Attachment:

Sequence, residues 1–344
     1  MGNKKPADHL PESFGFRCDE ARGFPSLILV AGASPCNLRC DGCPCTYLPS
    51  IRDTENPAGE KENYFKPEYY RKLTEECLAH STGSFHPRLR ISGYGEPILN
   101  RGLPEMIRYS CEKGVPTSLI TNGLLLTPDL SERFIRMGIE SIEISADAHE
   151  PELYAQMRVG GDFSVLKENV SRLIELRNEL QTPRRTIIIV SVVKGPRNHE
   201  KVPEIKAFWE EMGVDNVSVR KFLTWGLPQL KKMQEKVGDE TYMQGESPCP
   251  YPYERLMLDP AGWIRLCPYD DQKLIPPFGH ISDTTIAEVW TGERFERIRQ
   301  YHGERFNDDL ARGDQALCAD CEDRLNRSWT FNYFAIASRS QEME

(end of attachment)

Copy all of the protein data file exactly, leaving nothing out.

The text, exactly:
Sequence, residues 1–344
     1  MGNKKPADHL PESFGFRCDE ARGFPSLILV AGASPCNLRC DGCPCTYLPS
    51  IRDTENPAGE KENYFKPEYY RKLTEECLAH STGSFHPRLR ISGYGEPILN
   101  RGLPEMIRYS CEKGVPTSLI TNGLLLTPDL SERFIRMGIE SIEISADAHE
   151  PELYAQMRVG GDFSVLKENV SRLIELRNEL QTPRRTIIIV SVVKGPRNHE
   201  KVPEIKAFWE EMGVDNVSVR KFLTWGLPQL KKMQEKVGDE TYMQGESPCP
   251  YPYERLMLDP AGWIRLCPYD DQKLIPPFGH ISDTTIAEVW TGERFERIRQ
   301  YHGERFNDDL ARGDQALCAD CEDRLNRSWT FNYFAIASRS QEME